“Women make better friends than men: good, really honest friends.” -- Errol Flynn in his autobiography, My Wicked, Wicked Ways (Cooper Square Press, 2003 p. 398).
In her first of four films with Errol Flynn, “Dive Bomber” (1941), discussed in this previous post, Alexis Smith refused to kiss him -- for artistic reasons, she said. Even before that, contention occurred in her first important movie close-up in a major film -- when he stole the scene.
“Alexis was distraught. She ran to her dressing room, tears welling in her eyes and convinced her opportunity had been lost forever…When she returned the next morning…she walked into her dressing room and saw a note in front of her make-up mirror…on his own personal stationery, Errol had written a note of apology so sincere in appearance that if she wanted to be angry she could be so no longer. ‘It was that Errol Flynn charm,” she explained. (The Two Lives of Errol Flynn by Michael Freedland, article syndicated in The Lakeland (Florida) Ledger, August 14, 1979, p. C1)
“…there is no true friendship like that between a man and a woman, especially if platonic.” -- Errol Flynn, My Wicked, Wicked Ways (p. 359.)
“Errol was a movie idol of my teens,” Miss Smith says, “And when I was playing opposite him I was intimidated. I came to like him genuinely.” Films in Review article by Lennard DeCarl, (June-July 1970, pp. 360-361.)
It is often repeated on Internet sites that Errol Flynn was the best man at Alexis Smith’s wedding to Craig Stevens in 1944. This is an error. Stevens's best man was Major John E. Horton, Stevens’s friend. Flynn was only one of some 300 guests at the Church of the Recessional, Forest Lawn. (St. Joseph (Missouri) News-Press, June 1944, p. 2.)
He did, however, take it upon himself to perform a special duty. After the ceremony, he “…took Craig aside, as though he were my father, and told Craig that if he didn’t treat me right he’d have to answer to him.” Alexis Smith, DeCarl article, (p. 361).
“On “San Antonio”…he cared for Alexis’s welfare. If he thought director David Butler was demanding too much of her, he made it very plain he was on her side. ‘Steady, old sport,’ he would tell Butler, ‘the lady’s only human.’ She, for her part, did her best to cover up the excesses of his drinking, which was anything but easy.” Freedland, (p. 161).
On Flynn’s being diagnosed with a mild heart attack during “Gentleman Jim” (1942): “She pulled him aside and said kindly but firmly: ‘It’s so silly, working all day and then playing all night and dissipating yourself. Don’t you want to live a long life?’ Errol was his usual apparently unconcerned self: ‘I’m only interested in this half,’ he told her, ‘I don’t care for the future.’” Freedland, (p.108).
“…a woman friend is the best friend you can have. In my early days I was brought up to hear it said that you can never have a real woman friend, that male friendship is deeper, like Damien and Pythias. That is not true -- not in my book. I have had two great friends: I still have them. They are so far superior to male friends, so much more understanding, so much more generous in feelings.” Errol Flynn, My Wicked, Wicked Ways (p. 398.)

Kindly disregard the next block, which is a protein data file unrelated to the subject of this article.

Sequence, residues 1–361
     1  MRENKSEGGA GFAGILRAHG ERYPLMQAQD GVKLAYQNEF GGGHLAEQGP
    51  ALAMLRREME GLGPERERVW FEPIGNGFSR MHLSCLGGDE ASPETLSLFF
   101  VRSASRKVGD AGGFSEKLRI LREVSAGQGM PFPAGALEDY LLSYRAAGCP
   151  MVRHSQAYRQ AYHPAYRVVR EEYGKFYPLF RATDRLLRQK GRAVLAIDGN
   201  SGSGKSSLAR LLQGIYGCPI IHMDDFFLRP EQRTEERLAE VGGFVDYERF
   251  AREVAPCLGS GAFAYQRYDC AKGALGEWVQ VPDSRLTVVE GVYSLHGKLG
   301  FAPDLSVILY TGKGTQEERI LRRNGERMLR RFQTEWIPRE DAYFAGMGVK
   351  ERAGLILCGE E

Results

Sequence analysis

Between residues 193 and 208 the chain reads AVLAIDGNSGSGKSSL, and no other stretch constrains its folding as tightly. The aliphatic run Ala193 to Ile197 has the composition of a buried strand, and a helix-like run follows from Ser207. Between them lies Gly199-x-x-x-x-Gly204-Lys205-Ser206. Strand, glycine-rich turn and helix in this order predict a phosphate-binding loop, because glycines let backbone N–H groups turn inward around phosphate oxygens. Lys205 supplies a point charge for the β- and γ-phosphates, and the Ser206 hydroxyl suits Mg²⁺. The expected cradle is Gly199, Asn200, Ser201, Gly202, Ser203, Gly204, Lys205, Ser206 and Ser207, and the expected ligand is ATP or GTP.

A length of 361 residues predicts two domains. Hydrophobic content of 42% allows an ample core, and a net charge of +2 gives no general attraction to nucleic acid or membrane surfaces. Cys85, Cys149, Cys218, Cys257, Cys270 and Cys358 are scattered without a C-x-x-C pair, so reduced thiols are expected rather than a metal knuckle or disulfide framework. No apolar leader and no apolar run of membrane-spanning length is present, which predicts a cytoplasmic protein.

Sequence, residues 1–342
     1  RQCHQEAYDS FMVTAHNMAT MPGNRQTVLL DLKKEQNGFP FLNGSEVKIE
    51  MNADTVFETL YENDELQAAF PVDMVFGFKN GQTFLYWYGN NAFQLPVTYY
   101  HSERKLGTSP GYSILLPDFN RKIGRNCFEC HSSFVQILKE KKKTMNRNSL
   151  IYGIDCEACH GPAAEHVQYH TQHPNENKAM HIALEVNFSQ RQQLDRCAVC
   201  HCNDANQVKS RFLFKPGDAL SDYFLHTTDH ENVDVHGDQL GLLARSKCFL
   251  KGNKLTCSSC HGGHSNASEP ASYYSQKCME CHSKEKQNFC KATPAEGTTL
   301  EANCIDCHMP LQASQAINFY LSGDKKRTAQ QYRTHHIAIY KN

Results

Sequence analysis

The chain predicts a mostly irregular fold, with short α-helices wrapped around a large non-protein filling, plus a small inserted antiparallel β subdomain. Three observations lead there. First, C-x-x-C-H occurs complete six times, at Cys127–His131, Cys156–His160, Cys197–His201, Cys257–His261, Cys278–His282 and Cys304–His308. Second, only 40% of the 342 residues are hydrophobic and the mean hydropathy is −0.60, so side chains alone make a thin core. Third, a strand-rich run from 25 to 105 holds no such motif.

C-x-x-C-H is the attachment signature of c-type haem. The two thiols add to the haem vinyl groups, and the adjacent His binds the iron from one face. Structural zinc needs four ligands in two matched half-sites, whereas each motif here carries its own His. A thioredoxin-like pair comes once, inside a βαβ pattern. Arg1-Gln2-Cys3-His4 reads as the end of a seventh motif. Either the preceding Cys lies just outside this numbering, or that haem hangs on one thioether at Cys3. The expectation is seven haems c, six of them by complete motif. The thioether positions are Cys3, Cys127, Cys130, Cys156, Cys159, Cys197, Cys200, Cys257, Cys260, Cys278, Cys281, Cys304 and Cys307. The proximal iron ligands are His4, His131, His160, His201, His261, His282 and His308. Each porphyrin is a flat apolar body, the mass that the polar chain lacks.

“Although Flynn was renowned for having affairs with many of his leading ladies, his relationship with Alexis was strictly platonic. ‘He had feelings for her, but he also had great respect for her,’ Stevens said, ‘He treated her with dignity, respect and humor. He never made a pass at her.’" A few months before his death, Flynn finally confessed his true feelings to Alexis. ‘When he was making ‘Too Much, Too Soon’ he called one day,’ Stevens said. ‘I answered the phone and he said, ‘Hey Old Boy, is your lady there?’ When Alexis got on the phone he asked if she would meet him at Warners for lunch. She said, ‘Of course.’ The next day when she came home from that lunch there were tears in her eyes…He told her that he knew he didn’t have much longer to live…‘He wanted to tell me how much he enjoyed working with me and also that he loved me.’ She never forgot it.'” Interview with Craig Stevens, The Women of Warner Brothers by Daniel Bubbeo (McFarland & Company, Inc. Publishers, Jefferson, North Carolina, 2002, p. 215).
Alexis Smith, Ida Lupino -- another very close platonic woman friend of Errol Flynn’s, and many Hollywood figures attended Flynn’s funeral in October 1959. The ceremony was conducted at the Church of the Recessional, Forest Lawn, where Alexis and Craig Stevens had been married.
“Errol Flynn was an extremely bright man,” she says reflectively, “He had a great zest for living, of course, and a great sense of humor about himself as well as the world. But he was very intelligent and sensitive, and as anyone who worked with him will tell you, a very good actor. I think he was underrated.” Interview with Alexis Smith, article by Jamie Portman, (The Montreal Gazette, September 21, 1981, p. 49)
Below, a rare opportunity for them both to sing -- their real voices -- in “Montana” (1950), the last film they made together.
“Women make better friends than men: good, really honest friends. When the going gets tough, give me a woman for a friend. If they happen to care for you they will go farther than any man.” Errol Flynn, My Wicked, Wicked Ways (p. 398)
Flynn never actually names those two great women friends in that amazingly gentle paragraph in his otherwise rolicking, hedonistic autobiography -- to protect them from the taint of a cad's reputation, perhaps?
Note: Both "Dive Bomber" and "Montana" will be shown on TCM tomorrow.
Special thanks to Laura of Laura's Miscellaneous Musings for the heads up several months ago on Daniel Bubbeo's book The Women of Warner Brothers.